This was the second year in a row having family photos taken for holiday cards as a single mother.
I’m not going to lie, I’ve always been “that mom” who wants beautiful family portraits of love and laughter, with perfectly paired outfits and everyone’s hair just right. “That mom” who wants the photographer to capture exactly how I picture our family to be. “That mom” who even wants the card recipients to envy me and my sweet family. (But only a little bit.)
The thing is, taking those family pictures last year? It was painful. The absence of my husband, who abruptly left me and our three children for another woman earlier that year, was almost enough to make me forego the photos. No amount of Photoshop expertise could mask the fact that our family was no longer whole.
Last year’s holiday card ended up with just a picture with the kids, as I couldn’t bear to smile away the pain. I was everything that the previous years’ holiday cards were not, and I wasn’t going to dampen the happiness my children continued to exude. While the three of them, dressed in coral and blue, were photographed among the local magnolia trees, I stayed in the shadows, off to the side.
Since that photo shoot a year and a half ago, my kids and I have done a lot of healing. Faith and prayer, friend and family support, medication, and therapy (lots and lots of therapy) have all played a role in my healing. The four of us have relied on each other, and mostly we’ve adjusted to our new circumstances. I’ve seen my children struggle — and I’ve also seen them grow. So when it was time to schedule family pictures for the year, I planned the outfits with mine included. I had done some growing, too.
Knowing our photographer was scheduling the shoot at a local nature preserve, I scouted out the foliage. Yellows were abundant, with a few deep reds. I decided the best color scheme would be navy blue, denim, and grey. The night before, I pulled together what I thought looked to be a very complimentary and coordinated look. I planned out hair for myself and the girls. I even watched a YouTube tutorial on using grey eyeshadow. The next morning, my makeup was flawless and my hair curled like a dream. The kids kept their clothes clean and their hair presentable.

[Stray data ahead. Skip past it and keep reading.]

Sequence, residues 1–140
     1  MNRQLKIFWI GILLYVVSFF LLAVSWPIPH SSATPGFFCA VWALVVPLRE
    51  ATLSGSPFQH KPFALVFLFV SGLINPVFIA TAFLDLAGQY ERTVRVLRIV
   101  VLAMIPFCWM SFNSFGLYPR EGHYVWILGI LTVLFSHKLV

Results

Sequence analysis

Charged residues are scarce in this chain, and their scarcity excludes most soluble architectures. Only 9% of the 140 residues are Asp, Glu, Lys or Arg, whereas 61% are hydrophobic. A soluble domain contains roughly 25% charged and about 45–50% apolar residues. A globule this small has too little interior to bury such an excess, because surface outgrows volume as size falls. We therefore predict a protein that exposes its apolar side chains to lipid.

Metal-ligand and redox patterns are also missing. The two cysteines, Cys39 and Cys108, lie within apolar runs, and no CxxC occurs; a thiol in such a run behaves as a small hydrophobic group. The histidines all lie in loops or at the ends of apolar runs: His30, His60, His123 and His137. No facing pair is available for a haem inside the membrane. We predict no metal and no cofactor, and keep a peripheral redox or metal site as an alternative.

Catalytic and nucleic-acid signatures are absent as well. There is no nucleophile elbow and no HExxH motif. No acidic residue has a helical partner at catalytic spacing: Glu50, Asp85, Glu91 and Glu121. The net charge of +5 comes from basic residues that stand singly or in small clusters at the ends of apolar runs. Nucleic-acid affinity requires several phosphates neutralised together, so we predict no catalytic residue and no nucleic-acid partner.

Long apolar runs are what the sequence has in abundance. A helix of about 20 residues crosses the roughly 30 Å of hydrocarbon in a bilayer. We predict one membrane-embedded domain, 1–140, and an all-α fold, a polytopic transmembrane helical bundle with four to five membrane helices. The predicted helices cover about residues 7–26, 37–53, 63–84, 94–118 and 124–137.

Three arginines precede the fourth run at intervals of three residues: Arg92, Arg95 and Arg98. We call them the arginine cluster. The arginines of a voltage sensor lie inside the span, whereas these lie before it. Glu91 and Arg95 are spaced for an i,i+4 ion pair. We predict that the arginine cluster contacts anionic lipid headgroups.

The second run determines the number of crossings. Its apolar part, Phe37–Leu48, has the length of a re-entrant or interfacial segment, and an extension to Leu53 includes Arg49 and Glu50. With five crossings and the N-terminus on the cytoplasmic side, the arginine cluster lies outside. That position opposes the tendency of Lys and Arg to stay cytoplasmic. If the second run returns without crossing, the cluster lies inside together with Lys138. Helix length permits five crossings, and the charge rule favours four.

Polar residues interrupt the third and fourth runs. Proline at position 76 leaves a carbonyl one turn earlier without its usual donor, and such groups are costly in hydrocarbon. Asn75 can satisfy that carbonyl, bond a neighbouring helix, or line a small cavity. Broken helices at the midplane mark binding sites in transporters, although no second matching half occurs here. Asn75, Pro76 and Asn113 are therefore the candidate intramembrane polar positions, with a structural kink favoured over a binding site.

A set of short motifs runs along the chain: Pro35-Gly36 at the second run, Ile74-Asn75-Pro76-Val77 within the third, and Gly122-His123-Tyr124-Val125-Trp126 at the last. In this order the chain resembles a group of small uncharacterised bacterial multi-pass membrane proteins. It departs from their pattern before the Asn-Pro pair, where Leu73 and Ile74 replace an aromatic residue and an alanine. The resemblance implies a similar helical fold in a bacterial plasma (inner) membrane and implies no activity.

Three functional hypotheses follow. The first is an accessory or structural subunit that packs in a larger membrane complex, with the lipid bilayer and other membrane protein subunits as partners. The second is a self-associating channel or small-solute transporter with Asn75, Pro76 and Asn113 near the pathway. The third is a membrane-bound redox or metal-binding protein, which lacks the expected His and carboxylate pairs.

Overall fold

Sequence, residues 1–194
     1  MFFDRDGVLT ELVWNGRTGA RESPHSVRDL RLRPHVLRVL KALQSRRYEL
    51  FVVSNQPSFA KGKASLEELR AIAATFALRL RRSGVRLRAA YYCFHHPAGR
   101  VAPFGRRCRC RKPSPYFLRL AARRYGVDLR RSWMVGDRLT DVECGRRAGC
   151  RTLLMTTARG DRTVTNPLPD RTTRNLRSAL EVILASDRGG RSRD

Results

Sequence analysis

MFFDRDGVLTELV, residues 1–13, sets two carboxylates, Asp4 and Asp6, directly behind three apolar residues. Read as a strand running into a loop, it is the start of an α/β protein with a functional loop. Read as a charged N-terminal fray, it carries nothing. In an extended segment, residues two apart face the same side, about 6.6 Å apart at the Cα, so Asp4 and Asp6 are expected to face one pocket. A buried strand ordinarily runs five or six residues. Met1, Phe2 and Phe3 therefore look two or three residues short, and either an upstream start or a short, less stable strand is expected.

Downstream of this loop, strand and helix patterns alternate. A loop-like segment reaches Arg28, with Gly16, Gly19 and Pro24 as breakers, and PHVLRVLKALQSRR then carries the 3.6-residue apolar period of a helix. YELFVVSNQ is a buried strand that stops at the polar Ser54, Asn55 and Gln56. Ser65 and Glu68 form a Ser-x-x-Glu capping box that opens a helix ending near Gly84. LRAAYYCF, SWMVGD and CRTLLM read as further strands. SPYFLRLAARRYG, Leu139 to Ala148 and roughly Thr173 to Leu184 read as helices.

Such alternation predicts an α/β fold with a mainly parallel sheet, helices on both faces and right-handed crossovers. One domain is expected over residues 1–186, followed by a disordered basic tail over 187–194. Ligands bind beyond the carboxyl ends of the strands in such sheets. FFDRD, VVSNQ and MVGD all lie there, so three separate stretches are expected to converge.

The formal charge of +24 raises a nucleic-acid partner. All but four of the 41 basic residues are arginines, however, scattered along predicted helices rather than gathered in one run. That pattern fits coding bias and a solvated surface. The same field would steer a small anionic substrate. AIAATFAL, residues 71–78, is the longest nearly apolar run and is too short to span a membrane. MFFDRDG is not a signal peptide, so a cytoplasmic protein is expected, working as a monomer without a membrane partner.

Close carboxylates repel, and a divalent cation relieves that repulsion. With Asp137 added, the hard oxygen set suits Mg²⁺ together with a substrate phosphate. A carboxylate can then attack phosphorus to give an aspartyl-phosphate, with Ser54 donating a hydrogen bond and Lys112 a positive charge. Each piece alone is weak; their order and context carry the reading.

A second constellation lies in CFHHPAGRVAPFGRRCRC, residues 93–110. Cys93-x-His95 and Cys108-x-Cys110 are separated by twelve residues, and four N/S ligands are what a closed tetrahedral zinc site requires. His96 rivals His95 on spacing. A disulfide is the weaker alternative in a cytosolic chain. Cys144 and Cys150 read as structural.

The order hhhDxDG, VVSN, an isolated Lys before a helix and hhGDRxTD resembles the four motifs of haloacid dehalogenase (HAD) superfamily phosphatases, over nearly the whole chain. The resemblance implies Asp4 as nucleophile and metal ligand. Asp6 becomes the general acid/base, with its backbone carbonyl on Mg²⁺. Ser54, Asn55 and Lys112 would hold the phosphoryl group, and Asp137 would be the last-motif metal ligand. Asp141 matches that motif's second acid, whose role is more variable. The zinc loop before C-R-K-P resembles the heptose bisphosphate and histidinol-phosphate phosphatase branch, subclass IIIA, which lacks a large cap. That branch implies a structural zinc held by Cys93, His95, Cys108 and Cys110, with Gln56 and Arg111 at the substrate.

As we pulled into the parking lot of the nature preserve, however, a fine mist started covering the windshield. Anxiously, I flipped the wipers on and off again. Then I got a text from the photographer. “Finishing up with another client. Hoping to avoid the rain, but we may have to reschedule.”
I turned off the engine and looked back at my picture-perfect kids in the back seat. My first inclination was to respond, “Yeah. Rescheduling is probably for the best.” But as I sat there and looked at my three beautiful kids in their coordinating outfits, laughing and tickling each other, I knew I didn’t want to reschedule. This was our new family. Broken? Sure. But more importantly? Happy. And I wasn’t going to let a little rain get in the way of that.
We got out of the car and took shelter while we waited for our photographer. She came right over to us and started posing us on the benches, getting some great shots. Especially of the kids. Then hesitantly, she asked, “do you mind braving the light drizzle to get some photos with the leaves in the background?”
“Let’s do it,” I said, the older two kids looking at me cautiously.
Exposed to the elements, it didn’t take long before my hair was frizzing and my son’s glasses were covered in rain drops. It took even less time for both of my daughters to find puddles to splash in. And before I knew it, we were soaked from head to toe.
The resulting pictures are far from what I had planned for that day, but in their own way, they’re perfect.